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Flock, the Web 2.0 browser sensation that hasn't even shipped its flagship browser to the public yet, got still more golden PR from another big media outlet, this time from Business Week. The buzz surrounding Flock seems to be reaching a fever pitch, and we common folk can only wonder whether all the hype is justified. I'm starting to think Flock will either be the biggest thing ever to happen to web browsing or the biggest flop.
OK, you one-click installers, listen up! In spite of the early dementia no doubt being brought on by living in a GUI cocoon, there's a chance you might learn something from this week's CLI Magic. Here's the thing: given the ease of installing free software apps these days, especially those installed outside your distro's package management, how do you get that the great game you installed from scratch last week when you learn it opens your system up to hostile takeover? Think that just removing the executable does the trick? Think again, oh rodent lover. Now you're ready to learn about Checkinstall.
Although some of manalaa.net’s coverage is dedicated to technology issues—Abdel Fattah is an IT specialist and a leading advocate of open-source software, notably as co-founder of the Egyptian Linux Users Group (EGLUG)—it is also highly political. Abdel Fattah and Bahei Eddin were part of the small group of “bloggers for change” that emerged last summer and organized several protests (alongside other movements) in Cairo’s popular neighborhoods. They can still often be seen on the sidelines of Kifaya protests, although they fiercely defend their independence from the movement.
Supported by the three main open source associations in Australia — Linux Australia, OSIA and AUUG — CeBIT Australia will provide visitors with an opportunity to gain hands-on experience with open source software.
If you're near Boston, Mass. and want to find out the development plans and design issues for the GNOME desktop, or just are curious to see an energetic collection of software developers from around the world interacting, head on down from now through Monday to the GNOME summit at MIT's famous Stata Center. Over one hundred people showed up for today's morning presentation, and nearly every one was a developer for GNOME or a related technology: X, Linux, or a desktop application.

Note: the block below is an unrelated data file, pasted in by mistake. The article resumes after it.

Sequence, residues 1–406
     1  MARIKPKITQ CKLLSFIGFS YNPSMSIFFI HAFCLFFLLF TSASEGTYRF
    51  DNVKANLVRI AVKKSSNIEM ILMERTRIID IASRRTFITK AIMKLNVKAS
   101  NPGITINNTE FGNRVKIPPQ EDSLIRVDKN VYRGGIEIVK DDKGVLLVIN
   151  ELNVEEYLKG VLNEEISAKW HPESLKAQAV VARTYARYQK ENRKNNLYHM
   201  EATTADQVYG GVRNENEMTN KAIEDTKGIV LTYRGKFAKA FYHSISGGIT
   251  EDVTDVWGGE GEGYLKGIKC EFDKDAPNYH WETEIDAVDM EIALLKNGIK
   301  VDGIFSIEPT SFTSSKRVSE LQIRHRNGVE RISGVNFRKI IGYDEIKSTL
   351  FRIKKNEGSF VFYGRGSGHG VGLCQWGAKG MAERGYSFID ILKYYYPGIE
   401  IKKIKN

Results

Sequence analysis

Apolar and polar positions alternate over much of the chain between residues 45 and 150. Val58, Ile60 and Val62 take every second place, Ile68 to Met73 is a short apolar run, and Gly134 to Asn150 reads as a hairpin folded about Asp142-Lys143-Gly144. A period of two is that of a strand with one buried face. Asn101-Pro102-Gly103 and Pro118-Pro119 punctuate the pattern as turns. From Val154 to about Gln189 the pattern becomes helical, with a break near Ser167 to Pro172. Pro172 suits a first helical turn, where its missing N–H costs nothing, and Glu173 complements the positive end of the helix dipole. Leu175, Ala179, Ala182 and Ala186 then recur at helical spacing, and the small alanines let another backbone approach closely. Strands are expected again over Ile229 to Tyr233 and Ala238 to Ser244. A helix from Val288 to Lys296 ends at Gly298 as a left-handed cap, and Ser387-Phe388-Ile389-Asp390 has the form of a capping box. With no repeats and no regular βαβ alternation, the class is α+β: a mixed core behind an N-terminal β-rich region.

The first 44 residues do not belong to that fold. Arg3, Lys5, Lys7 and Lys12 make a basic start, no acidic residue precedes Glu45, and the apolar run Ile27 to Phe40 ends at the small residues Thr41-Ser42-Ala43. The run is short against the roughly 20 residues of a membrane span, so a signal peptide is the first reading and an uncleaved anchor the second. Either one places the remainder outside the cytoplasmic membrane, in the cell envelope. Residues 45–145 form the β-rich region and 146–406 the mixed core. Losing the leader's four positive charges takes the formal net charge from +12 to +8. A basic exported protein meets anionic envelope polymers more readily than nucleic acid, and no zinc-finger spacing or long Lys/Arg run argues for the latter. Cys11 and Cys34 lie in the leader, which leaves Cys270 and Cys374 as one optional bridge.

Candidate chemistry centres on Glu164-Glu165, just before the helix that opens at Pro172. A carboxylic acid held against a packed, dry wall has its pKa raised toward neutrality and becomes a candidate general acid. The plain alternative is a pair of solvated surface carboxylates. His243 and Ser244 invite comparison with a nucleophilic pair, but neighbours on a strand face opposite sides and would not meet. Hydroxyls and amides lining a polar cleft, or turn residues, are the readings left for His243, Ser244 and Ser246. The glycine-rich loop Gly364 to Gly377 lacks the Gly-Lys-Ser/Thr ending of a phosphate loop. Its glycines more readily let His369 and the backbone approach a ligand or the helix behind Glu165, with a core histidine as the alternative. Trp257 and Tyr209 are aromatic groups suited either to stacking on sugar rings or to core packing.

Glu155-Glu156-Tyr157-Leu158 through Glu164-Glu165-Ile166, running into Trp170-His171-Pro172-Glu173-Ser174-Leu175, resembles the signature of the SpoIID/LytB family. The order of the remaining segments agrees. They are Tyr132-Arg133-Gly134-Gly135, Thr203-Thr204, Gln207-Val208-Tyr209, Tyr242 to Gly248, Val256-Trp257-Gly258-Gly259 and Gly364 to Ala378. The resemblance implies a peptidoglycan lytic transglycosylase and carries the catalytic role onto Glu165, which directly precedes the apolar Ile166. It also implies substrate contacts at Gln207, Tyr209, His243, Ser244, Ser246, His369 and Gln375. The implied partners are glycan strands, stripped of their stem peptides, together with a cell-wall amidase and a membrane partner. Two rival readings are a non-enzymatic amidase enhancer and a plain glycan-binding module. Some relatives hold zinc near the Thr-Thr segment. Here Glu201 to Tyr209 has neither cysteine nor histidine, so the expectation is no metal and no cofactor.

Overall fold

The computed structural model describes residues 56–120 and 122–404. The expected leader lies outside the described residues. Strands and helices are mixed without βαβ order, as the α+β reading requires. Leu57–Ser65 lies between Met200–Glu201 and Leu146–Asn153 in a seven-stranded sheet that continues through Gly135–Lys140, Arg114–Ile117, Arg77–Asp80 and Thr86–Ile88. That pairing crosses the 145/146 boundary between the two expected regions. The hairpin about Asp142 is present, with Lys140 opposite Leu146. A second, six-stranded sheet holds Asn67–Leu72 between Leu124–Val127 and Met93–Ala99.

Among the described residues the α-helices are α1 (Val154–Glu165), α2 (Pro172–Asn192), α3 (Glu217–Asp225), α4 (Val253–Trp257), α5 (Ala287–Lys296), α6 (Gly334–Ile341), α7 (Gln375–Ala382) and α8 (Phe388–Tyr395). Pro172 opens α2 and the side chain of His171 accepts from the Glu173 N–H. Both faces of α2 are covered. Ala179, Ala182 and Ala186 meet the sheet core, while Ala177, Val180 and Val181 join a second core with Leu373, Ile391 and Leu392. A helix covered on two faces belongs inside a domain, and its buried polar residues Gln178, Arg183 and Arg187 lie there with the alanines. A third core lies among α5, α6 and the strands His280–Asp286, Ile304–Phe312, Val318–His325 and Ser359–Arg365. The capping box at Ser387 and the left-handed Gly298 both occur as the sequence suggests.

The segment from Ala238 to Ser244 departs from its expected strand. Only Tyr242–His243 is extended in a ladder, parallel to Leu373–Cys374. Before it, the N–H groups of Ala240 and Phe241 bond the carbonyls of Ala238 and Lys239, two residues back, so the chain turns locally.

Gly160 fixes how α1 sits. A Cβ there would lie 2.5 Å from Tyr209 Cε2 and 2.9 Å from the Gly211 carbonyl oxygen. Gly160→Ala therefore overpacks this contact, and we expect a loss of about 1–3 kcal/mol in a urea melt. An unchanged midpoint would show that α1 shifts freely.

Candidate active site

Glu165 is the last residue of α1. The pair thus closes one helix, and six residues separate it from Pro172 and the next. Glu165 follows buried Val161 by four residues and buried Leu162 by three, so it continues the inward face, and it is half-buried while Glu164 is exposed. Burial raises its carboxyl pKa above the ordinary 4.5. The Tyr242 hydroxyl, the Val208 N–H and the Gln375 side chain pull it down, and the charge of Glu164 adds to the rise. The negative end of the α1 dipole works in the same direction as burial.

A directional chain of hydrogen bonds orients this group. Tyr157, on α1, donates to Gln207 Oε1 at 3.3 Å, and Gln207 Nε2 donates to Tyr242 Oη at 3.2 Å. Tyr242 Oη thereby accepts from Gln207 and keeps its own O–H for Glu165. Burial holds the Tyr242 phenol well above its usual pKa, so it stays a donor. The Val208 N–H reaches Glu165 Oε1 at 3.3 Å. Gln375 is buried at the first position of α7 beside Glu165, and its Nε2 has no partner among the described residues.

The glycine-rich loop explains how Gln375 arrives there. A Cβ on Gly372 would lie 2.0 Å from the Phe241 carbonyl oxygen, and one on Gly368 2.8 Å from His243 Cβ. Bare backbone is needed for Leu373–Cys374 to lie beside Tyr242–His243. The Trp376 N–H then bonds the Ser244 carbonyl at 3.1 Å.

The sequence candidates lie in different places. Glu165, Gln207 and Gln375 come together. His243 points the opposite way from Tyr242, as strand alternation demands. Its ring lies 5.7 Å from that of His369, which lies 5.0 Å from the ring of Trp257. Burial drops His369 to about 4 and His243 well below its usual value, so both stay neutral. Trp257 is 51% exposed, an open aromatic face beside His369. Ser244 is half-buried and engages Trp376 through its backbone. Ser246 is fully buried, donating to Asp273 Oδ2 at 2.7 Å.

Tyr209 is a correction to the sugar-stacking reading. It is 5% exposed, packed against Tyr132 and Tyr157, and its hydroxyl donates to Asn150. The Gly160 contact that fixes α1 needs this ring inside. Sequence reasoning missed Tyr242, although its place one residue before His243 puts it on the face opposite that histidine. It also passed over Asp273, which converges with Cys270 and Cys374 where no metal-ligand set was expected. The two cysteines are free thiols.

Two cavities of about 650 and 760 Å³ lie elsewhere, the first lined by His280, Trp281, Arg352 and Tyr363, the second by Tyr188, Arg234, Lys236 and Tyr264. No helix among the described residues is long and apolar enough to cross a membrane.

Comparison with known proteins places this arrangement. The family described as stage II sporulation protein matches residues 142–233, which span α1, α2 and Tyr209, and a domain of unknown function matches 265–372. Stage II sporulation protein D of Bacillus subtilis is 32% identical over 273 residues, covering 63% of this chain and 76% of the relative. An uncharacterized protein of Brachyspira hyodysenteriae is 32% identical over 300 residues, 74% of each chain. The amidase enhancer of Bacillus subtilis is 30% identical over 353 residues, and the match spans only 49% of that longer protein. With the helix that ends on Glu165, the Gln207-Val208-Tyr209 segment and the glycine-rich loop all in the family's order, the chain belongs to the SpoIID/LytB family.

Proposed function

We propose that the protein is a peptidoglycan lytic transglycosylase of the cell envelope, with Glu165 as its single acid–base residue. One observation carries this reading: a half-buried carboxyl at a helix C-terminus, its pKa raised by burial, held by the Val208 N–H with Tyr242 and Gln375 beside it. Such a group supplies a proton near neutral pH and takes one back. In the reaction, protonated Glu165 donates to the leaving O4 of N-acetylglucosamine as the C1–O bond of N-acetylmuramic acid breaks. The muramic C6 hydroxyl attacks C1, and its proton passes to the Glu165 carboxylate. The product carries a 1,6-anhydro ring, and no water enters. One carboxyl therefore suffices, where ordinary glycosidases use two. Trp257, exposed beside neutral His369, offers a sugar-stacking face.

Edditor's Note: Andy Oram is an editor at O'Reilly Media, a highly respected book publisher and technology information provider. An employee of the company since 1992, Andy currently specializes in free software and open source technologies. His work for O'Reilly includes the first books ever published commercially in the United States on Linux, and the 2001 title Peer-to-Peer. His modest programming and system administration skills are mostly self-taught.
Bryce Harrington, Inkscape and Worldforge hacker (as well as super-friendly OSDL guy), recently opined that gaining lots and lots of users isn't the only -- or even the best -- gauge of success for an open source project.
chromatic is the technical editor of the O'Reilly Network, specializing in programming, Linux®, and open source development. He's also been known to evangelize to his co-workers toward better development practices, being the author of Extreme Programming Pocket Guide and the co-author of Perl Testing: A Developer's Notebook. -Ed
The rocky road for the once-mighty NOS could be running out
In the past year, development of the open source Xen virtualization platform (http://www.cl.cam.ac.uk/netos/xen/